Capitalism’s reputation has taken a beating in light of the recent financial crisis. According to politicians and pundits from both sides of the spectrum, capitalism is to blame. Not so, say Austin Hill and Scott Rae, who argue in their new book The Virtues of Capitalism that capitalism is our best bet. In fact, according to Hill and Rae, capitalism “remains the preferred economic system, even the necessary economic system, for any society that upholds a true sense of human rights.”
Hill and Rae approach economics from a distinctly Christian perspective, showing capitalism to be both consistent with and supported by the Bible’s teachings. Contrary to some, the sharing of goods as described in Acts does not advocate socialism. The sharing of goods was voluntary, as opposed to forced. Moreover, the authors show that economics itself is deeply intertwined with moral issues. Economic conditions can act as a powerful motivator either to encourage or discourage virtuous conduct. “[B]e honest and ask yourself: Is it ever more difficult to be the kind of spouse or parent that one aspires to be, when the economy is slow and personal finances are scares? … [W]hen finances are plentiful, can the enjoyment of material goods enable a person to avoid or neglect other important areas of their relationships? And a final question… can economics impact one’s relationship with their God.”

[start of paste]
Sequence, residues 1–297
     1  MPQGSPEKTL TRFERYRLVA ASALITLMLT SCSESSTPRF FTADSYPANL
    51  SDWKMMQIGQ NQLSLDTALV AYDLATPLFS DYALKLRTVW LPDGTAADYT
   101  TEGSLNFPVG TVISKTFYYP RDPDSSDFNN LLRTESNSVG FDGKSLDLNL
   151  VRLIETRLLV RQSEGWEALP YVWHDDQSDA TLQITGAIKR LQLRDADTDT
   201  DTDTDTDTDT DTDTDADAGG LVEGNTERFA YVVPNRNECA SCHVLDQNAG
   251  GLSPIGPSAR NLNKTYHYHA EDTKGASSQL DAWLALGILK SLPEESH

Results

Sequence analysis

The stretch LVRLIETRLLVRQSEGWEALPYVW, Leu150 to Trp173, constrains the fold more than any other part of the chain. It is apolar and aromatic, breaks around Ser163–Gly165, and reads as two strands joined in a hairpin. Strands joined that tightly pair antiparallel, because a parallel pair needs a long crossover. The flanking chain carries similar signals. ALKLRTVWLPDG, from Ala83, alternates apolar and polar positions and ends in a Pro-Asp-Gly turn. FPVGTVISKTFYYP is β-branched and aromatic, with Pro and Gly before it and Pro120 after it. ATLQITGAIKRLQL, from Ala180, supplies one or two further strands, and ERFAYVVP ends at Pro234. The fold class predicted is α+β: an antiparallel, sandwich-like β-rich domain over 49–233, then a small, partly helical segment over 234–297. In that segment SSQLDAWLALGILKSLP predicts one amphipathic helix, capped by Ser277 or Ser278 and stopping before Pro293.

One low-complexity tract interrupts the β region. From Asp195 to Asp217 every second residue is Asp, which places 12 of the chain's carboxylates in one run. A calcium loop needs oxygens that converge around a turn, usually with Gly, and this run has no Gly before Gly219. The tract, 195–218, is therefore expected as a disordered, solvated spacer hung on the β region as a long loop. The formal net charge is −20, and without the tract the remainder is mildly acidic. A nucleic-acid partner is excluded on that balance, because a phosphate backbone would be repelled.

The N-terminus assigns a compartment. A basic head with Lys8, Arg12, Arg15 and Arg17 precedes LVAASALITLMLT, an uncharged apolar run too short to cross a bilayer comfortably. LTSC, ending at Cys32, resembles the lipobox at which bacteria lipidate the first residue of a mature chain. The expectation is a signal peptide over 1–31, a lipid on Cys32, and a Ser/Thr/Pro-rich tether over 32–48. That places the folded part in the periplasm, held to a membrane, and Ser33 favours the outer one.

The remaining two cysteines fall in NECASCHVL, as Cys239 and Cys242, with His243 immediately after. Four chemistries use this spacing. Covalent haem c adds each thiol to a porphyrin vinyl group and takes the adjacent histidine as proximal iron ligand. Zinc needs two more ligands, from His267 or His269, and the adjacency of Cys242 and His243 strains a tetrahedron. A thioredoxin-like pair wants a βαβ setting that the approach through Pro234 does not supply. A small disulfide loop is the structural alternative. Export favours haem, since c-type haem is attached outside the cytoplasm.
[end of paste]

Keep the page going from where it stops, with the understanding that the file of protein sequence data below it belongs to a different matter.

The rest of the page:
[…]Overall, it’s a great and easy to understand book.
Tim likes the book “Money, Greed and God” by Jay Richards better, but that’s a tougher book to read – not for beginners. I’m shocked because I didn’t figure out my worldview regarding economics until my late 20s. Tim is a high school junior. Yipes! He must have good parents.
I recommend this new capitalism and Christianity book for courting Christian women, who are usually fiscally liberal until they get married and start families. It’s only 160 pages and it should be enough to convince any horrible socialist to give capitalism a chance. I also switched to “On Guard” for courting instead of the more difficult “Reasonable Faith”, at least for a first book. No sense scaring her off with something hard right at the start.